Spokesperson Ahmed Aref said, "We will continue our rallies in the squares to reject the coup....We ask that whoever opposes us not trivialize us as a weak enemy. We have accumulated much experience since our founding more than 80 years ago. We have been through hardship that others cannot even imagine. We have strong institutional work based on preaching and educational values, and thus we can be a bitter enemy."  (Al-Masry Al-Youm-Egypt)
        See also Brotherhood Calls for More Mass Demonstrations - Noah Browning and Peter Graff
    Supporters of deposed Egyptian President Morsi called on Wednesday for more mass demonstrations, declaring a "day of steadfastness" to protest against the formation of a new interim cabinet. The Brotherhood has maintained a vigil into its third week, with thousands of supporters camped out in a Cairo square vowing not to leave unless Morsi is restored. It has called protests attracting tens of thousands of people every few days. Running street battles on Tuesday were the deadliest in a week. (Reuters)
  • In Syria, Infighting between Al-Qaeda Groups and Mainstream Rebels Undermining Revolt
    On Syria's front lines, al-Qaeda fighters and more mainstream Syrian rebels have turned against each other in a power struggle that has undermined the effort to topple Syrian President Bashar Assad. After violent clashes and the assassination of two rival commanders, one of whom was beheaded, more moderate factions are publicly accusing the extremists of trying to seize control of the rebellion.
        The moderates once valued the expertise and resources that the foreign fighters brought to the battlefield, but now question whether such military assets are worth the trouble - not to mention the added difficulty in persuading the West to arm them. (AP-Washington Post)
News Resources - Israel and the Mideast:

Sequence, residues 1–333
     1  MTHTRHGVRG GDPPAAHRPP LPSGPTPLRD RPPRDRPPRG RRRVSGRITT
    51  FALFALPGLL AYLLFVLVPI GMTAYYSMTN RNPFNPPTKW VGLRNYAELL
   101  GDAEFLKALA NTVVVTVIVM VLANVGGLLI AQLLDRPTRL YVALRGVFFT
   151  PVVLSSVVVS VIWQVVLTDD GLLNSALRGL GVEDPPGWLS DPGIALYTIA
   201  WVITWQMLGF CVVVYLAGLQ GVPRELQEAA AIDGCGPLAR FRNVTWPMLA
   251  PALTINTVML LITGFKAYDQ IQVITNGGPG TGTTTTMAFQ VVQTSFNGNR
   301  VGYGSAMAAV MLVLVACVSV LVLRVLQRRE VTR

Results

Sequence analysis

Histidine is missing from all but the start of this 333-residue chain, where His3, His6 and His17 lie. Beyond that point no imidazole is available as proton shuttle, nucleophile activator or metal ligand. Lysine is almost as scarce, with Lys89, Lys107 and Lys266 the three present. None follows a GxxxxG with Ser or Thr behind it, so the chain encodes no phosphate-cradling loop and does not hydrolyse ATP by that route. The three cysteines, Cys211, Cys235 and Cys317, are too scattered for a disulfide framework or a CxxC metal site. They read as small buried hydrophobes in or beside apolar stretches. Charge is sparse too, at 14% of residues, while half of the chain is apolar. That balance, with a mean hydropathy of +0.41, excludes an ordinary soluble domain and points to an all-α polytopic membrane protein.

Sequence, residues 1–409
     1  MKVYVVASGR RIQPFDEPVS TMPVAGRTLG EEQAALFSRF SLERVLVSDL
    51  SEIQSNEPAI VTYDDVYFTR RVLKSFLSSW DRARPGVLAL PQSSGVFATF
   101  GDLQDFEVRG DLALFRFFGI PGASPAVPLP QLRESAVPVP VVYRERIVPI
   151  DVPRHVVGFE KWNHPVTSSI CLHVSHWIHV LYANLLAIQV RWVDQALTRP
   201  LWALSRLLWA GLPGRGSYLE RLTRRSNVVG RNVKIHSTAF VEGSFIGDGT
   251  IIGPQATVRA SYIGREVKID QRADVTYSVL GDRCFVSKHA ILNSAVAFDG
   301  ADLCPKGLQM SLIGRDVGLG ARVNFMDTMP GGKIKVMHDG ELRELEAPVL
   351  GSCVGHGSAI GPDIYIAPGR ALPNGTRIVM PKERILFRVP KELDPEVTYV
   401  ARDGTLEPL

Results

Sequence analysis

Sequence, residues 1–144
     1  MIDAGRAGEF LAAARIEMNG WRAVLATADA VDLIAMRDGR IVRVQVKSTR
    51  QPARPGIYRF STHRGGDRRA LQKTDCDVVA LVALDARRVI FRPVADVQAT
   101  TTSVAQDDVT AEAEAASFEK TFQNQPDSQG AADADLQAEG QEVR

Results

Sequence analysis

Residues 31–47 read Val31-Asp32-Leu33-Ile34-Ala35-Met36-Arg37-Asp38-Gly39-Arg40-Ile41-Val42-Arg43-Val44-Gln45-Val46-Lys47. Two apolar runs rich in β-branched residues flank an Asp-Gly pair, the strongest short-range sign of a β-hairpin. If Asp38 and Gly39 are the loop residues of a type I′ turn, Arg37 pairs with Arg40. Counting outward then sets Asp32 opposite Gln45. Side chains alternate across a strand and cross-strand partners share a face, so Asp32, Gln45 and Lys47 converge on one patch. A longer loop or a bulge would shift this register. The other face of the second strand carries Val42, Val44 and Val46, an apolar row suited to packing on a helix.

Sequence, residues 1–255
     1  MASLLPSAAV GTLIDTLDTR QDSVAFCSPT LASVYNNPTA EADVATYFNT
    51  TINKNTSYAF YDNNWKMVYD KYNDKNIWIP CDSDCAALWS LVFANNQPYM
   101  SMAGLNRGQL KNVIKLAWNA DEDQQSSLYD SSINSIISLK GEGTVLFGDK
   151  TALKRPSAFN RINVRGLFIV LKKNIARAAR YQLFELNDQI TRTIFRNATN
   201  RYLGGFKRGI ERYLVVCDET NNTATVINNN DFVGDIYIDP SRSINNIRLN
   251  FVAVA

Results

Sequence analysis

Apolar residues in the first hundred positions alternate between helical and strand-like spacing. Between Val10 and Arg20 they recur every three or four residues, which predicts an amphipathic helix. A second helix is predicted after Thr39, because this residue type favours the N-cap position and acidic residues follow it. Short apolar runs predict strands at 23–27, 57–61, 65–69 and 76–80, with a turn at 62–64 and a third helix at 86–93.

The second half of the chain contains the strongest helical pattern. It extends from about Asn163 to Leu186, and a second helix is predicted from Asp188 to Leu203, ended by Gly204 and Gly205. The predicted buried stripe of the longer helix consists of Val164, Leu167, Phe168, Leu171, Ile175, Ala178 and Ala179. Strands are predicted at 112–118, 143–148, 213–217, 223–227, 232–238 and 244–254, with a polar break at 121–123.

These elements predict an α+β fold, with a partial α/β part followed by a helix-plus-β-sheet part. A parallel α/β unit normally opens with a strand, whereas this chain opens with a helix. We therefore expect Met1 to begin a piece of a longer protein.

• Netanyahu to EU: "We Will Not Accept any Outside Dictates about Our Borders"
    Responding to the EU's intention to add conditions on contacts with Israel in the future, Prime Minister Benjamin Netanyahu said Tuesday: "As the Prime Minister of Israel, I will not allow the hundreds of thousands of Israelis who live in Judea and Samaria, on the Golan Heights and in Jerusalem, our united capital, to be harmed. We will not accept any outside dictates about our borders. This issue will be decided only in direct negotiations between the sides."  (Israel Prime Minister's Office)
        See also Israel Will Work to Block EU Move - Moran Azulay
    A source in the Foreign Ministry said, "Netanyahu will demand clarifications from (EU foreign policy chief Catherine) Ashton and will work to block the move."
        Finance Minister Yair Lapid said: "This decision signals to the Palestinians that there is no economic or international price to be paid for their continued refusal to resume negotiations; it leads them to believe that Israel will succumb to international and economic pressure." Lapid intends to "appeal to our friends in the European Union and explain to them that their decision damages the very end they are attempting to achieve, as it pushes peace farther away instead of bringing it closer."  (Ynet News)
  • EU Guidelines on Relations with Israel Reflect Delegitimization Campaign
    The guidelines issued by the European Union to ban EU funding and cooperation with Israeli institutions beyond the 1949 Armistice Line reflects a policy dictated by political NGOs which are involved in the delegitimization campaign against Israel. "The new EU guidelines are evidence of the influence of political NGOs - some funded by the EU - on the EU's policies," NGO Monitor president Prof. Gerald Steinberg noted. "We have seen the EU rely on political NGOs' reports without checking their veracity."
        A report issued last year, "EU Documents Repeat False NGO Claims," showed the direct connections between the NGOs secretly funded by the EU and EU policy recommendations based on their distorted and one-sided reports. Many of the falsehoods focused on Jerusalem and "Area C" in the West Bank, precisely the issues dealt with in the EU's new guidelines. (NGO Monitor)
  • IDF Patrol Comes under Fire on Golan Heights - Yaakov Lappin
    An IDF force on a routine patrol of the border with Syria on the Golan Heights came under fire and shot back at a group of unidentified suspects. (Jerusalem Post)
        See also Syrian Mortar Shells Land in Israel's Golan Heights - Gili Cohen